Another way to get your card is by purchasing it online.
Here’s the real reason while you’ll want it though – the card automatically caps off at €5 a day and €20 a week. That means you’ll never pay more than either of those prices a day or a week if you regularly use your card. This can save you a lot of money in the long run, and it works all over Ireland.
The Dublin bus will probably be your best friend. I found myself riding it almost every other day to get downtown. Yes, there are times that you’ll get stuck in traffic, but to be honest, that’s only during rush hour.
It’s a very quick and easy way to get to and from downtown. If you go to University College Dublin (UCD Ireland) as I did, then you’ll definitely live on the 39A bus. It goes right to UCD’s own stop straight to downtown.
A nice thing about the bus is that it will also bring you to surrounding areas of Dublin, making it super easy to take a day trip to a suburb like Howth or Bray.
The Luas is Dublin’s light rail system. Think of it like a tram!
I never used it much because there isn’t a stop near UCD and it mainly only is set up in the downtown area. However, it is a lot quicker than the bus, so you might find yourself using it every now and then.
Trains in Ireland are super clean and offer some pretty amazing views. They’re also super comfortable. If you ever book a trip and plan on using the Irish Rail, then you 100% want to reserve your tickets ahead of time. Your Student Leap Card will save you money.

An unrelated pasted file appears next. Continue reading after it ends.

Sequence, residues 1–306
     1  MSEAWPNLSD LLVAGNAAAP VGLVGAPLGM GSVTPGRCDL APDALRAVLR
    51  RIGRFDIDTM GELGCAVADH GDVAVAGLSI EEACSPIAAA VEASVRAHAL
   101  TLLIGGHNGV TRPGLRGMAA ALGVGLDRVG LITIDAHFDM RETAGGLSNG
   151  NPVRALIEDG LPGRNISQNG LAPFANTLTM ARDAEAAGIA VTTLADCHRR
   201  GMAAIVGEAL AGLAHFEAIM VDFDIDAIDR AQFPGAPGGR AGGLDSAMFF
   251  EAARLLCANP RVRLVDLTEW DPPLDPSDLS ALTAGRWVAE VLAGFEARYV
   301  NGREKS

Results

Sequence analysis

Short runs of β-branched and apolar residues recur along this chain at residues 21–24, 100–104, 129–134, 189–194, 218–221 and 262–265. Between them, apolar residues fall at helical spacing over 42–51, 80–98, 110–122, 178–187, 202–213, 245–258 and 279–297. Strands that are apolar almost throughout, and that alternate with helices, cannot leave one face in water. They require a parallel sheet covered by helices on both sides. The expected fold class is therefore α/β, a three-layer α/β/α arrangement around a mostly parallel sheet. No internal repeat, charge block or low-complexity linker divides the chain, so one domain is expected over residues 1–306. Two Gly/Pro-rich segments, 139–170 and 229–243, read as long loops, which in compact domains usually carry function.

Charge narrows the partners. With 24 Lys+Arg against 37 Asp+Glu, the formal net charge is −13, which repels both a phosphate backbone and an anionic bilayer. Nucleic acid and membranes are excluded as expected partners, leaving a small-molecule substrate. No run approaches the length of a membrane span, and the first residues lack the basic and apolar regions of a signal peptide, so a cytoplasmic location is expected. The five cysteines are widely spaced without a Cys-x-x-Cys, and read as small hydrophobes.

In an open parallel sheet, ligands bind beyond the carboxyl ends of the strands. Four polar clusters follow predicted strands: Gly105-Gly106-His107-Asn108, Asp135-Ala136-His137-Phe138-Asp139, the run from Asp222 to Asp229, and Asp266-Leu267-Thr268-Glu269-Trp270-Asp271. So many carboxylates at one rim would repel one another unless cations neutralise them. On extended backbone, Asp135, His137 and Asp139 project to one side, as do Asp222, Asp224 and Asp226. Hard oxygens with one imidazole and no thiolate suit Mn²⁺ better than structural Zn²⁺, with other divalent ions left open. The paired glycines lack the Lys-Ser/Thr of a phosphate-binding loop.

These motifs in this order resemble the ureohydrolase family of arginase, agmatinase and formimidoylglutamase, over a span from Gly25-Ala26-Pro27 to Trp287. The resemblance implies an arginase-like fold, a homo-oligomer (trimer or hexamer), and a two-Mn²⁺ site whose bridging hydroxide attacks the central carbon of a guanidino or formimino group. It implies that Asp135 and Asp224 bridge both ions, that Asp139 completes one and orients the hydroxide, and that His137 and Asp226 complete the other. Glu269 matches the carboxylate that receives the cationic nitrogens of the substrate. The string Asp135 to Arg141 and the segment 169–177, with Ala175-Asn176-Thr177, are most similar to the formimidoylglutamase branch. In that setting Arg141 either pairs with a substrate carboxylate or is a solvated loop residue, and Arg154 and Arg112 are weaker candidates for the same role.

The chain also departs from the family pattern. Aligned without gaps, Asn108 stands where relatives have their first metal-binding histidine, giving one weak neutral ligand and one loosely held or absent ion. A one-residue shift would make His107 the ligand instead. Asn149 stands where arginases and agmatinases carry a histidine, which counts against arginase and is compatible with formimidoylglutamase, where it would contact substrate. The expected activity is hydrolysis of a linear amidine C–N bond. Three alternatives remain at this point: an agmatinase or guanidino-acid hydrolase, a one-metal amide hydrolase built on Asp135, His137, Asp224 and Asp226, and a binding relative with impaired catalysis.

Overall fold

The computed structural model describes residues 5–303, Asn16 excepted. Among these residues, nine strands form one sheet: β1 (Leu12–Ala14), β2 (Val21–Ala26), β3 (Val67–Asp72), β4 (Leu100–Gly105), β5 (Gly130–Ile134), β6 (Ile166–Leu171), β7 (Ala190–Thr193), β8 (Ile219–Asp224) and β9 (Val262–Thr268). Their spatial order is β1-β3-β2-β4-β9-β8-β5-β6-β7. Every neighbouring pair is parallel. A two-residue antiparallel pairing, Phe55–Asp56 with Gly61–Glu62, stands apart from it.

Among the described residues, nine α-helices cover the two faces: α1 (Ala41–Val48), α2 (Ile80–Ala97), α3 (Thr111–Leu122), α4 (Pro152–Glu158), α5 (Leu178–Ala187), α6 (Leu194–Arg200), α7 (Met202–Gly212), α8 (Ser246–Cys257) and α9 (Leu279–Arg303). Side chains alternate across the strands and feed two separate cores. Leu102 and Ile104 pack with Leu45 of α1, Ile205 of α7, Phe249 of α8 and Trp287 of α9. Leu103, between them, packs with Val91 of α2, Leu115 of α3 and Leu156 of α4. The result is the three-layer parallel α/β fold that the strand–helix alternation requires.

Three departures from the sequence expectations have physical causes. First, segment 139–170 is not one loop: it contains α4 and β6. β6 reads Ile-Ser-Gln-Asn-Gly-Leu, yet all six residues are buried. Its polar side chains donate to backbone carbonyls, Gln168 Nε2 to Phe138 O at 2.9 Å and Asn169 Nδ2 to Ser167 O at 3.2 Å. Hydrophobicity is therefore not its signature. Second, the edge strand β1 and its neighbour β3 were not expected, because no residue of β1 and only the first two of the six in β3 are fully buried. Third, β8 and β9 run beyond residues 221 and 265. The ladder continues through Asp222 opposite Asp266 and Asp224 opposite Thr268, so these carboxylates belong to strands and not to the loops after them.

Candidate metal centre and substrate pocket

Dublin International Airport
One nice thing about Dublin is that it actually has its own international airport! This makes it super easy to fly around Europe and jet-set off to other countries and cities.
The budget airline RyanAir is also from Ireland, so you’ll always be able to find some good, cheap rates. I recommend checking out Skyscanner to try to find the cheapest rates before you fly. Keep in mind that sometimes these are super early in the morning. I personally found that it was worth it to travel early in the morning to save money! It also gave me that whole first day to explore whatever city I was flying to.
Best places to eat
Of course, there are tons of great places to eat in Dublin, but these are just some of my favorites that I constantly frequented!
Queen of Tarts
Queen of Tarts is hands-down my #1 favorite place to eat in Dublin. It’s the cutest little place to get breakfast, brunch, lunch, or even just a cup of coffee or tea. They have top-notch budget-friendly prices and also have the best chai tea I’ve ever had in the whole world.
This is one of the top breakfast spots to eat at when studying abroad in Dublin.
Okay, I know that Nando’s is a chain all around the UK, but it’s so delicious. You have to try it at least once. Their chicken is amazing and I’m obsessed with their Perinaise. I still order it from Amazon monthly and get it shipped to me since we can’t really buy it anywhere in the US.